Our team continues to be here for you and your cherished pets. We are OPEN and are now able to provide a wide range of services. To learn more about the changes we have implemented in response to COVID-19 and what to expect during your next visit, click here.


Healthy Aging in Cats – What Changes Are Normal?

As a veterinarian, I often hear clients talk about their older cats “slowing down” or showing other signs of their advancing age. The truth is that yes, your cat’s behaviour will normally change a bit as he/she ages, but the key is determining when these changes become abnormal. By understanding what healthy ageing looks like, you’ll know when it’s time to call your veterinarian.

If he/she is ageing in a healthy way, your kitty:

  • Shows no signs of cognitive decline, including disorientation, changes in interactions with people and other animals in the home, strange sleep-wake cycles, new house-soiling behaviours, or changes in activity (DISHA).
  • Has no chronic issues with his/her eyes or ears requiring ongoing treatment, and s/he can see, hear, and smell well enough that s/he is still master of his/her surroundings.
  • Shows no signs of pain in his/her joints and still moves through life like a ballerina – gracefully and smoothly. S/he can still jump, although maybe not quite as high as s/he used to.
  • May lose a small amount of weight, including muscle mass, but this loss should be minimal and not interfere with his/her ability to move around, eat, drink, play, and use the litterbox as needed.
  • Has clean, healthy teeth and a mouth free of gingivitis, tartar, or any lesions or disease-causing pain.
  • Breathes easily and calmly with no episodes of increased respiratory rate and/or effort, and generally shows normal attitude and appetite at home.
  • Has normal litterbox habits, meaning there’s been no increase (or decrease) in the amount s/he drinks and (subsequently) urinates, no problems with constipation – even though older cats are prone to this – and s/he does not show signs of straining in the box, diarrhea, urinating or defecating outside the box, or increased frequency of urination.
  • Has a healthy coat and nails, may sleep more than s/he used to but still has the energy to play and engage with his/her family, and does not yowl or pace around the house.

When is it important to call your veterinarian? Here are some behaviours that need to be checked out:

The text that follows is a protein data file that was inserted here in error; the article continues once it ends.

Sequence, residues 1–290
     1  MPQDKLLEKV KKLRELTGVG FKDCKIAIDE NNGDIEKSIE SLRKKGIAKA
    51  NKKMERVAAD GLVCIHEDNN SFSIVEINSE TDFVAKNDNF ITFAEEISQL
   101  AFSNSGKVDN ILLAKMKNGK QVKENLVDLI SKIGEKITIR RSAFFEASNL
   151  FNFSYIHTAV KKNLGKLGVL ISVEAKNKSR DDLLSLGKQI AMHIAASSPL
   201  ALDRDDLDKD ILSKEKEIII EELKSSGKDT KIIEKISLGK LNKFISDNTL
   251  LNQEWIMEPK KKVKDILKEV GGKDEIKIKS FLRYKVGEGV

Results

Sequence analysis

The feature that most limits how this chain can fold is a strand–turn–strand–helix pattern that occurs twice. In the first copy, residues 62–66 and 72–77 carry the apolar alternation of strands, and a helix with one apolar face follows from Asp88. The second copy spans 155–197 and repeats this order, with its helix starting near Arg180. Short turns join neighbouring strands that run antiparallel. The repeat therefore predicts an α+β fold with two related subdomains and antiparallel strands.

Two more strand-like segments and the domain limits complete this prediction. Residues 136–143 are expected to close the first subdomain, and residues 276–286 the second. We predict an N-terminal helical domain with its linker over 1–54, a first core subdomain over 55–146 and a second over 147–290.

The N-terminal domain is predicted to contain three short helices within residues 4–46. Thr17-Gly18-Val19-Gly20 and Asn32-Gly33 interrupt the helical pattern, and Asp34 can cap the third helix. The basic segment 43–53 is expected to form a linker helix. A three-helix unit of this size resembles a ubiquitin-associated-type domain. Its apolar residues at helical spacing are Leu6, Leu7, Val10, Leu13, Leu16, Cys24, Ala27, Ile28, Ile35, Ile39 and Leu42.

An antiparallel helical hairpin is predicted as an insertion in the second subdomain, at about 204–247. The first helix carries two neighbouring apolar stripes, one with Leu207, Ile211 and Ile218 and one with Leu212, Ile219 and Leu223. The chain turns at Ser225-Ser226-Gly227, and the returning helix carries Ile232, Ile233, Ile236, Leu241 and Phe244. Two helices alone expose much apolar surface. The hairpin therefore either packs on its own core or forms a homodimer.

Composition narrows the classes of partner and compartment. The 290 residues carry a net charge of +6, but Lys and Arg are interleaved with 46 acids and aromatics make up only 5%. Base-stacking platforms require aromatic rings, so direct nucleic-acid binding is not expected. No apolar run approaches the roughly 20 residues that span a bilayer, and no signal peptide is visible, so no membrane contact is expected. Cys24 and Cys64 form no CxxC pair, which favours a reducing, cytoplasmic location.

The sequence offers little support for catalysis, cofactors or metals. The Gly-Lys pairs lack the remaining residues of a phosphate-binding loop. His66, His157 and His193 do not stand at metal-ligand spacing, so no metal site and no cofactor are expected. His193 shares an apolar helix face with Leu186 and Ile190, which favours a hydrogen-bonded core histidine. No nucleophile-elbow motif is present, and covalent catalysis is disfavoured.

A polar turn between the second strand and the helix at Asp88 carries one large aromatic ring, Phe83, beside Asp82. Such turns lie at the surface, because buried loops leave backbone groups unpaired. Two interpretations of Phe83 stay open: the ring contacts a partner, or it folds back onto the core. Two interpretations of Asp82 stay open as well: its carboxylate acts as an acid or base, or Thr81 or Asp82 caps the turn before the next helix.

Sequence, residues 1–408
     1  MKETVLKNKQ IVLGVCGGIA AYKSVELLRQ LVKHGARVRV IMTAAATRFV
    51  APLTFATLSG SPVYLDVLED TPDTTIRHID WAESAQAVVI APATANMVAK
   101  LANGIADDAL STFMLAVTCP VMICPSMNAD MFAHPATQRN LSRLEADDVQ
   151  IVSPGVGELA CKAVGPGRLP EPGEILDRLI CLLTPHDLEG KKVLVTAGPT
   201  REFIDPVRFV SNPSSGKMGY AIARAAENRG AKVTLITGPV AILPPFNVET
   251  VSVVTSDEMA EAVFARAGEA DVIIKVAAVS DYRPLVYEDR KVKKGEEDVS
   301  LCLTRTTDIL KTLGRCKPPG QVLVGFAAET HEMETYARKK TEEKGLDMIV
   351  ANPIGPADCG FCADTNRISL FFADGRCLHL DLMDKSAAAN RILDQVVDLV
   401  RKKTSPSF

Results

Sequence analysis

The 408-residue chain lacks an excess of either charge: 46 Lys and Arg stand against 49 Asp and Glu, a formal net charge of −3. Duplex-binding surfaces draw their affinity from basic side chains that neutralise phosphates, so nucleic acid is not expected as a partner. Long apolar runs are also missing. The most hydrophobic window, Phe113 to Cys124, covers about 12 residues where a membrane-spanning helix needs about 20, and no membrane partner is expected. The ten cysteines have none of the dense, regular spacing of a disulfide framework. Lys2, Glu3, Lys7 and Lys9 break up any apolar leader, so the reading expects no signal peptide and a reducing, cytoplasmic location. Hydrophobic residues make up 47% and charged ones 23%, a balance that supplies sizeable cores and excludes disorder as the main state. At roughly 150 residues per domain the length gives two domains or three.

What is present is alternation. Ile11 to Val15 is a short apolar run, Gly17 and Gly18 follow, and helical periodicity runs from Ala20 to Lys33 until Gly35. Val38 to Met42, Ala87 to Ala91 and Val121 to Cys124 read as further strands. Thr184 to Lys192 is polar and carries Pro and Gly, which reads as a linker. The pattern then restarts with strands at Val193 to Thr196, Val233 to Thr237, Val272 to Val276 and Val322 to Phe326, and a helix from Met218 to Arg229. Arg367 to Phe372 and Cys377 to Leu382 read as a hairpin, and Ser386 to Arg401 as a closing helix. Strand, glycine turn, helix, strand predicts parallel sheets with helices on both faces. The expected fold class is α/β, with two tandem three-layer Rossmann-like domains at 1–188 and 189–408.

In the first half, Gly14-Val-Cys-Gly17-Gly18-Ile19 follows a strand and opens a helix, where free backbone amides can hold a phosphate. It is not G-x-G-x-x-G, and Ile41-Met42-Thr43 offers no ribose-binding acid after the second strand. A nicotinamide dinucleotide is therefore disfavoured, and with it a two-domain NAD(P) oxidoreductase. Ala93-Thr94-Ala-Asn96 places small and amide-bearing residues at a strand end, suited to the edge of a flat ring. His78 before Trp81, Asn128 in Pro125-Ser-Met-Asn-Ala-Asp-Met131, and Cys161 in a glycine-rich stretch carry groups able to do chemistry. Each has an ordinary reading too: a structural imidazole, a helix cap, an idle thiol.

• Significant weight loss, especially when the spine becomes prominent or the cat generally feels “bony.”
  • Sleeping all day with very little interaction with people in the home.
  • Increased drinking and urination.
  • Any significant change in appetite – up or down. If a cat is not eating at all, that is an emergency.
  • Straining in the litterbox, urinating/defecating outside the box, and/or blood in the urine or stool.
  • Yowling and/or restlessness.
  • Hiding.
  • Foul smell from the mouth, hesitating to eat and/or difficulty eating (e.g., dropping food, strange or exaggerated chewing, etc.).
  • Vomiting regularly, especially if it is once daily or more.
  • Walking stiffly, difficulty jumping, limping, walking like he/she is “drunk.”
  • Coughing, wheezing, breathing quickly or abdominal breathing.

The key here is knowing your cat and recognizing when something just doesn’t seem right. Sometimes all you may have is a feeling that something is off, and with cats often that’s all they’ll give you. We have a term for that in veterinary medicine – ADR (Ain’t Doin’ Right) – and more often than not there is a reason for even the most subtle changes in behaviour.

If you have any questions about your older cat’s health and how to best manage it, give us a call at 902-477-4040 or email info@spryfieldanimalhospital.com.

Written by: Dr, Emily Reiner, DVM



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Last updated: June 5, 2020

Dear Clients,

With recent changes to restrictions on businesses, we are pleased to advise that effective June 5, 2020 the restrictions on veterinary practices have been lifted. Based on these changes, below are some important updates to our operating policies.


This includes vaccines, wellness exams, blood work, heartworm testing, spays and neuters, dental services, and more!



Starting June 8, we are available to serve you and your pets during the following hours:

Monday to Friday: 7:30 am - 8:00 pm*
Saturday: 8:00 am - 2:00 pm
Sunday: CLOSED

*On weekdays we will be closed for 1 hour in the afternoon in order to catch up on communications with our clients. This is a temporary measure. Thank you for your understanding.

Thank you for your patience and understanding and we look forward to seeing you and your furry family members again!

- Your dedicated team at Spryfield Animal Hospital